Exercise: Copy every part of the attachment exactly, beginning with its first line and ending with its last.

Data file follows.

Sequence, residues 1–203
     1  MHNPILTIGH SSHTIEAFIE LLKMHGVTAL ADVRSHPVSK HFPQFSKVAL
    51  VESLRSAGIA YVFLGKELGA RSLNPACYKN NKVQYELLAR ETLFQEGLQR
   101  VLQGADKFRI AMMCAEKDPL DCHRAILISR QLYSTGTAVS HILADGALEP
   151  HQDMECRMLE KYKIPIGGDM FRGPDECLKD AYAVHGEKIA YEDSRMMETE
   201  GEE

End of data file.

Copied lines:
Sequence, residues 1–203
     1  MHNPILTIGH SSHTIEAFIE LLKMHGVTAL ADVRSHPVSK HFPQFSKVAL
    51  VESLRSAGIA YVFLGKELGA RSLNPACYKN NKVQYELLAR ETLFQEGLQR
   101  VLQGADKFRI AMMCAEKDPL DCHRAILISR QLYSTGTAVS HILADGALEP
   151  HQDMECRMLE KYKIPIGGDM FRGPDECLKD AYAVHGEKIA YEDSRMMETE
   201  GEE